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The existence of oil and gas accumulations in the Rocky Mountain region which are due to stratigraphic rather than structural traps, leads to an analysis of the conditions under which these accumulations occur and to a consideration of methods by which other similar deposits may be found. Examples of stratigraphic traps are not numerous in the Rocky Mountains but it is reasoned that such fields may have escaped discovery because wildcatting is almost invariably confined to favorable structure.
The problem is approached from the standpoint of source rocks as well as reservoir rocks. Localities in which there are apparent relationships between petroliferous provinces and ancient geography are described by reference to generalized paleogeographic maps of the Rocky Mountain region from Pennsylvanian to Cretaceous time. The nature of the sediments and the conditions under which they were deposited were profoundly affected by ancient positive elements which are called the "Ancestral Rockies."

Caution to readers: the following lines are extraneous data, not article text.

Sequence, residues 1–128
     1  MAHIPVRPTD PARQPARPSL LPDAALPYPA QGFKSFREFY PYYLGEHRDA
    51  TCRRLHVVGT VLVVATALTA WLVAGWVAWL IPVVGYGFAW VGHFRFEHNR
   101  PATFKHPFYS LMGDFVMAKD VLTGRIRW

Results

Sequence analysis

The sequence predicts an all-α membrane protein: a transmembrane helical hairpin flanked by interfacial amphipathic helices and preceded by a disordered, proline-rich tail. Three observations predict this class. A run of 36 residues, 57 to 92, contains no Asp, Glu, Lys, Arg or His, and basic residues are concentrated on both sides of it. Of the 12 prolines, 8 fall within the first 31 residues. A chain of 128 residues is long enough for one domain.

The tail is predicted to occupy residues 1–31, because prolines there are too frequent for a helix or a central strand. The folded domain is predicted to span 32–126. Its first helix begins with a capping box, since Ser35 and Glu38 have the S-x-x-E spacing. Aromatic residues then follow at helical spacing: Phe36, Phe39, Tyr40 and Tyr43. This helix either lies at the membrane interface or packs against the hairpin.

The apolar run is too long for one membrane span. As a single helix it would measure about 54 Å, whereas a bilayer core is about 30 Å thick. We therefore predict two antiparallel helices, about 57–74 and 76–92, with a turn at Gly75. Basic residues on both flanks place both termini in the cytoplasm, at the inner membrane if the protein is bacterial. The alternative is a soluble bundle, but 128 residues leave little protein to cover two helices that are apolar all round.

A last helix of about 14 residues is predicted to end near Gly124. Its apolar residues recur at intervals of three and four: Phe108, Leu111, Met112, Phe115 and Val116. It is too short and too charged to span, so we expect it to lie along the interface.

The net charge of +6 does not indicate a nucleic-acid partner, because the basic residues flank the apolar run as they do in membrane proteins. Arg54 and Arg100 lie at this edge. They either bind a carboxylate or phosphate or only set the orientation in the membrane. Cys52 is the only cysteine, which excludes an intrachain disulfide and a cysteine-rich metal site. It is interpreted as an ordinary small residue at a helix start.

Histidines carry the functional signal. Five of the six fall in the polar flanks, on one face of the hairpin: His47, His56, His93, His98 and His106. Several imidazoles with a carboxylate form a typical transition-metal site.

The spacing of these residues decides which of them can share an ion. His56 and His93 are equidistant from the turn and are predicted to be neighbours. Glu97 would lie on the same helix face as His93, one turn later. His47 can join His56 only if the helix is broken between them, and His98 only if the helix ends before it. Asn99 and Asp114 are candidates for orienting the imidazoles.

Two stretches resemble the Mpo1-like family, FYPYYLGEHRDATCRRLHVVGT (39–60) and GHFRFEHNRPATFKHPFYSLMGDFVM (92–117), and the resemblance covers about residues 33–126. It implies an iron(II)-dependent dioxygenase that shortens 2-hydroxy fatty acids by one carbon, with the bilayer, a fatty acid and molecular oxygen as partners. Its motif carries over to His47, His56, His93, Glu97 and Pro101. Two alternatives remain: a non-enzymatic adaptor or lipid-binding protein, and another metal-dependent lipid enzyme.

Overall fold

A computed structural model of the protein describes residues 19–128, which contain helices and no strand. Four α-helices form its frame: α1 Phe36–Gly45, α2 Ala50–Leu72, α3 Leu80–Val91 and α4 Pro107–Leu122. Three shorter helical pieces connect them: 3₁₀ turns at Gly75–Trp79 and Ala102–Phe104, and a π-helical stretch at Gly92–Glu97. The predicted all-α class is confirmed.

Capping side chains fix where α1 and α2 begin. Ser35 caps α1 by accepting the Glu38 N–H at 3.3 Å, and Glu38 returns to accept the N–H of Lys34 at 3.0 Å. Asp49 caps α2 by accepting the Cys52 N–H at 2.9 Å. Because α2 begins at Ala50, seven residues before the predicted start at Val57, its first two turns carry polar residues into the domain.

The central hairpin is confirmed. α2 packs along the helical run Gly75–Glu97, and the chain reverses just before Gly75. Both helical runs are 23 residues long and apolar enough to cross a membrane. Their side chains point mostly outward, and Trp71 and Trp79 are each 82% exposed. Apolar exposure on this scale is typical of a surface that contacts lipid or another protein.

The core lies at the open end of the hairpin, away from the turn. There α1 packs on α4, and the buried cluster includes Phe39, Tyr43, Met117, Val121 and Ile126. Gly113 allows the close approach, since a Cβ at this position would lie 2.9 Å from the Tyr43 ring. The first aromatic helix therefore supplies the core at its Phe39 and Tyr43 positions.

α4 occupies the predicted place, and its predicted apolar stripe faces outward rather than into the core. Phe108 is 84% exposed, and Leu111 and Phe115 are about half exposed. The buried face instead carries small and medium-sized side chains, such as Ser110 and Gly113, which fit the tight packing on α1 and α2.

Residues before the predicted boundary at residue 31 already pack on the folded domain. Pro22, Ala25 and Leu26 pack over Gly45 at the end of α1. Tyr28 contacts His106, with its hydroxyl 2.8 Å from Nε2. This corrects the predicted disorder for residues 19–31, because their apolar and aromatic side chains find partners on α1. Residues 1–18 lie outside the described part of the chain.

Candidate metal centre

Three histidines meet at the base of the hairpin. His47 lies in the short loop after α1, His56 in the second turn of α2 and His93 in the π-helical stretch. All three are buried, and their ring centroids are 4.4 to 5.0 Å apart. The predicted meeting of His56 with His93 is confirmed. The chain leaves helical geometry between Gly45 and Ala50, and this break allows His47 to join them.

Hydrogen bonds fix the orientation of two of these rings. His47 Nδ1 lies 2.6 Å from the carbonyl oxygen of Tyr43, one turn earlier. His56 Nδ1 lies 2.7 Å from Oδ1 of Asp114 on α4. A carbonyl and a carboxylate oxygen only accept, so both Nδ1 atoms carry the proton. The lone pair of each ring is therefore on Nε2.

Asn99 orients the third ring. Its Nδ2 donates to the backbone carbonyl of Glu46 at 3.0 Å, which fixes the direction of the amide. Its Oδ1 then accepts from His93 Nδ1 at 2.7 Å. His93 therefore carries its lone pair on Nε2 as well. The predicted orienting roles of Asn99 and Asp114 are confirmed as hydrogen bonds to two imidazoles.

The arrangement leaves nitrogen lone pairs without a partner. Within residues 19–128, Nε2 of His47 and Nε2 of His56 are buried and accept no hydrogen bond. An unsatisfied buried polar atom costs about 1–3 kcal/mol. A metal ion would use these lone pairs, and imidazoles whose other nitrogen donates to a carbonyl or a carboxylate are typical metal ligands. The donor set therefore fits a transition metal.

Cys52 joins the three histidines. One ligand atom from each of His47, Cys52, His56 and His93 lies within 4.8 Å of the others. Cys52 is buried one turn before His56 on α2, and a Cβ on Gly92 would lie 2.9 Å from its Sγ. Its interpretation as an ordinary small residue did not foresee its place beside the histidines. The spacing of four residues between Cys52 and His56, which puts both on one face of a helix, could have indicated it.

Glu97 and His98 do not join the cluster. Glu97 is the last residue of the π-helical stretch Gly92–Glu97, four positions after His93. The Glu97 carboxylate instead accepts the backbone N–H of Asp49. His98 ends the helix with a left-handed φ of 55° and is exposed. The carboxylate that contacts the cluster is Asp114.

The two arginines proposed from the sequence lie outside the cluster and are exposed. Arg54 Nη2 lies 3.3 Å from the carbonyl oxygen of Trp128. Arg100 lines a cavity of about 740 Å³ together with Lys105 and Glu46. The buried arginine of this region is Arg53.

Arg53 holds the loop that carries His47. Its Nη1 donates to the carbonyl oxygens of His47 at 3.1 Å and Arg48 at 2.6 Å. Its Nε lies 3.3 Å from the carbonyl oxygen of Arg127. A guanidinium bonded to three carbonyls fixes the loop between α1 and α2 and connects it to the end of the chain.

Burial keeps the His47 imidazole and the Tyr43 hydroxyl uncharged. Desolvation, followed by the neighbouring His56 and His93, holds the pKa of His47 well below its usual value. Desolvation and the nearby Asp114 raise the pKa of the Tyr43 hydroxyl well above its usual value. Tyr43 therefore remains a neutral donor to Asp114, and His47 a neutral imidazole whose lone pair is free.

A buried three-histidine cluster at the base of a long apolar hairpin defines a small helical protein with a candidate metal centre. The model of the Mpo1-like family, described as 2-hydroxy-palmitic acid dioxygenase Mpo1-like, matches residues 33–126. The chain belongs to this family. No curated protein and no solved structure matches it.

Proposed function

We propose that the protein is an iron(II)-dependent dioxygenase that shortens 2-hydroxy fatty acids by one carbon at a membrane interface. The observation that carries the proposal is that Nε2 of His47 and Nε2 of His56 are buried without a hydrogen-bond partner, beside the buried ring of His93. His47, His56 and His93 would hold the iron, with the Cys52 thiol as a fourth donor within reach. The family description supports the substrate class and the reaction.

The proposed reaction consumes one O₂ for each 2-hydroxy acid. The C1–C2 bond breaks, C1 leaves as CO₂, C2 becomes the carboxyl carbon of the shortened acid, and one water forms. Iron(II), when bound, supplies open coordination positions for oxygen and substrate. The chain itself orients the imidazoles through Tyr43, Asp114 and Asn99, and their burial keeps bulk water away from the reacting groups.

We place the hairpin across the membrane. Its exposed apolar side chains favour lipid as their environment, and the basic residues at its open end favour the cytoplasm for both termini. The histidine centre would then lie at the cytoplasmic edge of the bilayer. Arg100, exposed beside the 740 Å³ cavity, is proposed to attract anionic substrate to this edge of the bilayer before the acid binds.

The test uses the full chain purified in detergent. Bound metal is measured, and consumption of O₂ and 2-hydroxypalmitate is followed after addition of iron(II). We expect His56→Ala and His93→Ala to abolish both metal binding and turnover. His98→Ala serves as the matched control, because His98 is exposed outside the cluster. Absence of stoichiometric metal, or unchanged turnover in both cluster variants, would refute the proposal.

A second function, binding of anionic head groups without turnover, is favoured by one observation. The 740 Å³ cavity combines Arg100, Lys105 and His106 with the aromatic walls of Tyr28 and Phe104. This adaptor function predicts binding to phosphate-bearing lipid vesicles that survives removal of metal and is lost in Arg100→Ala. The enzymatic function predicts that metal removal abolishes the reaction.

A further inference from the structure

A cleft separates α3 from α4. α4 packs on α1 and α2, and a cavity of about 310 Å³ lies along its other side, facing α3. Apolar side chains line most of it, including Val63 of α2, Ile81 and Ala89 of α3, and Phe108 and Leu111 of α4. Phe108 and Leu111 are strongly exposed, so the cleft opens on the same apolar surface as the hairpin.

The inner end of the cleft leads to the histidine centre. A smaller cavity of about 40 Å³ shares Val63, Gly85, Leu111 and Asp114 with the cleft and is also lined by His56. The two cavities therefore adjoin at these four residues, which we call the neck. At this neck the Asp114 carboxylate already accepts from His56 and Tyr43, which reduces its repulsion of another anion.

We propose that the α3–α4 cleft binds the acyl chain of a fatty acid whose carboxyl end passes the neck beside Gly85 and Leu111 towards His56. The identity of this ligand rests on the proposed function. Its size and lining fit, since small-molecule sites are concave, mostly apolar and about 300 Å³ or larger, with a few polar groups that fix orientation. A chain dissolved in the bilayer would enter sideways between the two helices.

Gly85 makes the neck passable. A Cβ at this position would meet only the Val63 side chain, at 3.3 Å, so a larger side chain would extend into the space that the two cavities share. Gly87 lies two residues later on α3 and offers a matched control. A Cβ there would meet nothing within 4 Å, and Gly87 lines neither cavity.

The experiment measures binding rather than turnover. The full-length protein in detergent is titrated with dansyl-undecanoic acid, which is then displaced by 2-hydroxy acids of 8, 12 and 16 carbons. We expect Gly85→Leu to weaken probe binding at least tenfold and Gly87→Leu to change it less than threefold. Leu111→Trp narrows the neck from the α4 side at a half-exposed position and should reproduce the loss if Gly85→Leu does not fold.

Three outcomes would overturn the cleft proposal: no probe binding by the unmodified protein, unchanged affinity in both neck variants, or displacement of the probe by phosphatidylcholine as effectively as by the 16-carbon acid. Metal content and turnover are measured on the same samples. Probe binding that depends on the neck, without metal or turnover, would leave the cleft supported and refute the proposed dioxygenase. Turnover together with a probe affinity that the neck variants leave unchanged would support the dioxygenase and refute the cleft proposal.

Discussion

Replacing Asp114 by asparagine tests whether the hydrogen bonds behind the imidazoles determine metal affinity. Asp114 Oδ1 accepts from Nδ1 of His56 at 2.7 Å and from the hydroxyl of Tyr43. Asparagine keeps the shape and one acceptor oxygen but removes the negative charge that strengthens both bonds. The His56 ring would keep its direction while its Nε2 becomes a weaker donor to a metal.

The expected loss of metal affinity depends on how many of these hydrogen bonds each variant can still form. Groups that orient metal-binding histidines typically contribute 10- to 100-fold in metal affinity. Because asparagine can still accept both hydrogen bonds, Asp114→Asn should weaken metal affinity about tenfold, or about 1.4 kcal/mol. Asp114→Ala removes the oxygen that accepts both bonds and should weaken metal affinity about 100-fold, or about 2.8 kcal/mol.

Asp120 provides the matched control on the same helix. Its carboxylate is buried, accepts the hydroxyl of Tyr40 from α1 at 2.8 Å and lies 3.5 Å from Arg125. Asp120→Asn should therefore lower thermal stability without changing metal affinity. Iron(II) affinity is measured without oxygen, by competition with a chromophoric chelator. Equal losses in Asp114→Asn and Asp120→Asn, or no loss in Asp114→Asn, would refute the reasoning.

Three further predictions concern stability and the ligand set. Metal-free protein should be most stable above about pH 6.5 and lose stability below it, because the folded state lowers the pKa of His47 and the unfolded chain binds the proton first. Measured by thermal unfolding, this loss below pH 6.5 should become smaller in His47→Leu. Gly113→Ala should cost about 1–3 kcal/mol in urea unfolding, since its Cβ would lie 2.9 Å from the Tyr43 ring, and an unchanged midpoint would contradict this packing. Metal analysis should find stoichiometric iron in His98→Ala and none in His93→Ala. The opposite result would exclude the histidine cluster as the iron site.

Numerous instances of lenticular and wedging sand bodies are pointed out as having possibilities for the formation of stratigraphic traps on the flanks of major uplifts or in structural basins. A great deal of detailed stratigraphic work must supplement the present general knowledge.
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